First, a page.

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Digital Harinezumi 3.0: Retro Digital Camera Gets Modern Upgrade

by Paul Strauss

The guys from Japan’s Superheadz return with an update to their retro-style Digital Harinezumi pocket camera. The latest version still looks like an roll of old 110 film, but has been revamped with some new features to provide more creative flexibility than the previous models.


Out of the box, the Digital Harinezumi 3.0 can add a wide variety of digital enhancements to your images, such as monochrome, vivid color, and various aging effects, each adding artistic lo-fi qualities to your images and videos.


It’s also capable of shooting macro images as close up as 1 inch from the lens, and combining those with its digital effects.


Some of the new modes for version 3.0 of the camera include various overexposure effects, as well as extreme noise modes (achieved through an aggressive 3.5x digital zoom.) Each of these modes gives you just that much more creative flexibility with this pocket-sized cam.



Perhaps my favorite new effect mode is “Smoky,” which combines both a blurry effect with some rather severe color abberations, resulting is some cool, ethereal shots.


Specs for the Digital Harinezumi 3.0 aren’t anything to write home about, with a top resolution of 2048×1536 (3 megapixels), and the ability to shoot video at up to 30fps (not sure on the resolution), and only ISO 100/800 modes. Still, if you’re buying one of these, you’re not buying it for the image quality – it’s all about the artistic effects you can achieve. While there are certainly smartphone apps and effects built into some conventional digital cameras, I still think there’s a certain something special about the images when they’re captured with a dedicated effects camera like the DH 3.0.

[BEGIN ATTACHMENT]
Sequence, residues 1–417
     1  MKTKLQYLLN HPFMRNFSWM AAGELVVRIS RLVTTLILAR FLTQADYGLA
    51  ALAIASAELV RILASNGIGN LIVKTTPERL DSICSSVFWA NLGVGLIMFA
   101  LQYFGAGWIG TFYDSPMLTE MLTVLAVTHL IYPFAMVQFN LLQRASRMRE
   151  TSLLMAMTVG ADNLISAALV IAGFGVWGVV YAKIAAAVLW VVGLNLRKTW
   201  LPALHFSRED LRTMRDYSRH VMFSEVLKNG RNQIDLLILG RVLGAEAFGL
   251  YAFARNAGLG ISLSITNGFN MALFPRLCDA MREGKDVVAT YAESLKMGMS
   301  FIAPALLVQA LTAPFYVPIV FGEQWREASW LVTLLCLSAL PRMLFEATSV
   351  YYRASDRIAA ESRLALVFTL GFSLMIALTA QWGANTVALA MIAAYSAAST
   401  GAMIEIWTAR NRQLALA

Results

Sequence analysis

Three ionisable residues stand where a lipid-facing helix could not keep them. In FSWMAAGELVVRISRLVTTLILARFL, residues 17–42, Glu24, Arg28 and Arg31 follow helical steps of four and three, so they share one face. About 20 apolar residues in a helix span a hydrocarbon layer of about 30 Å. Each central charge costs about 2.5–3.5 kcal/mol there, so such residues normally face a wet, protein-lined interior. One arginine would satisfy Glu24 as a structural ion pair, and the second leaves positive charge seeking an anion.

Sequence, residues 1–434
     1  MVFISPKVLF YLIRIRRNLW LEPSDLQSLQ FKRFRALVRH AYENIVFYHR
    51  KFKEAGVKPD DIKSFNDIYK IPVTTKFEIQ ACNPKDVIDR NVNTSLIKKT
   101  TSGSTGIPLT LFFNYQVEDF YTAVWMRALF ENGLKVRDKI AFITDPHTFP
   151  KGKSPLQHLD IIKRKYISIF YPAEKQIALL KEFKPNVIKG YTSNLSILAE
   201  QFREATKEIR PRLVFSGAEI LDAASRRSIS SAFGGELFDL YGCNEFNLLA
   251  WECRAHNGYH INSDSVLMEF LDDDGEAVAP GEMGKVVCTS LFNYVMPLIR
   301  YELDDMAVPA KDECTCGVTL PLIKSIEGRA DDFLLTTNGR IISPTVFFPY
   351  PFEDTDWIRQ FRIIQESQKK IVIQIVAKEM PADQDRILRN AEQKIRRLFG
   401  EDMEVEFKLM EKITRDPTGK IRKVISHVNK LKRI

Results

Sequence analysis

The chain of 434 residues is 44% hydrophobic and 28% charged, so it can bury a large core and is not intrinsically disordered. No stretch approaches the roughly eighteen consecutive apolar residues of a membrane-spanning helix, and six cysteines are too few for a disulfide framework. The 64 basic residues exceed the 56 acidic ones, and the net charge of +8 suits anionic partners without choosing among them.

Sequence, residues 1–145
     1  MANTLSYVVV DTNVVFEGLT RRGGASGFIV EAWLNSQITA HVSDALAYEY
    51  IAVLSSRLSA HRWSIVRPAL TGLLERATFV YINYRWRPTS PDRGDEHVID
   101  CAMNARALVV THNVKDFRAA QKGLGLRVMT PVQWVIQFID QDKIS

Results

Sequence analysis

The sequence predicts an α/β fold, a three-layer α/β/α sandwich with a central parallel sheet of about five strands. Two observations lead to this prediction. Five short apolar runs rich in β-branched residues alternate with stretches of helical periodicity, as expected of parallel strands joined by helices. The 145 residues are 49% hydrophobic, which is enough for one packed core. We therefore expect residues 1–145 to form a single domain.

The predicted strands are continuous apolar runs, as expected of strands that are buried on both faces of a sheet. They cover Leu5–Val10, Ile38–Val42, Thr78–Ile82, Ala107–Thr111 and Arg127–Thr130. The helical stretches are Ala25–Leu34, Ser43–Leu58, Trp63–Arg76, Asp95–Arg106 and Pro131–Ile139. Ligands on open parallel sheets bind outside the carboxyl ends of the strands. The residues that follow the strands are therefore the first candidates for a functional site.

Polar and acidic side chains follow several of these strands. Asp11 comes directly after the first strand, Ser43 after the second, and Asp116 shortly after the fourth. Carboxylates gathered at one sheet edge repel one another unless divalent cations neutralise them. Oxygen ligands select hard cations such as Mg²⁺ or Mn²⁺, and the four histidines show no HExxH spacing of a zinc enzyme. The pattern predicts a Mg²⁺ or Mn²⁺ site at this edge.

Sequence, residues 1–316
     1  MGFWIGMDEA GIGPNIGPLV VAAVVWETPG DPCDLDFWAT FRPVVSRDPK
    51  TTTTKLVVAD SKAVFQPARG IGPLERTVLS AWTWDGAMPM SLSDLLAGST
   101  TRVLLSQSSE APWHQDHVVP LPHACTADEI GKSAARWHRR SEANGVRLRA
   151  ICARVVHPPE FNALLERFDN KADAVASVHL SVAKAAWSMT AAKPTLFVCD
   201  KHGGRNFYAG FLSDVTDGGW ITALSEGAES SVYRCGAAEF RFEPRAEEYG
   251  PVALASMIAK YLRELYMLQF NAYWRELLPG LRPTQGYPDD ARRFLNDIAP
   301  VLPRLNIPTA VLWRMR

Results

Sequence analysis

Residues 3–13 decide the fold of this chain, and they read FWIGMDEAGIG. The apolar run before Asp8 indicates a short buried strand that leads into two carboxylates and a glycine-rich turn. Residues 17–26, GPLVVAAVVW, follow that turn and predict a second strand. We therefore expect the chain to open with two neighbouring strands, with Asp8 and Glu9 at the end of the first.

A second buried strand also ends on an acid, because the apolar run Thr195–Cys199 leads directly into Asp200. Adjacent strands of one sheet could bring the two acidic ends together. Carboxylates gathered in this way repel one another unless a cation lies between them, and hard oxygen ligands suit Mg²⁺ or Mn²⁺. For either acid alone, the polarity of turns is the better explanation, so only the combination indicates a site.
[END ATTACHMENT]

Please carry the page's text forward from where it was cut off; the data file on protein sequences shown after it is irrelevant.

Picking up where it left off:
If you’re interested in one, they’re available from the SuperHeadz shop for ¥15,750 (~$188 USD) for the camera by itself. Various pricey bundles are available with additional accessories, but the camera itself is the star here. Since the website is entirely in Japanese, you might want to use a service like White Rabbit Express to order one on your behalf.

Comments are closed for posts older than 90 days.

Comments (1):

  1. Sage says:

    So how does it work? Does it just add a software-based photoshop-esque filter over the images after they’re captured?
    If so, this seems pointless.

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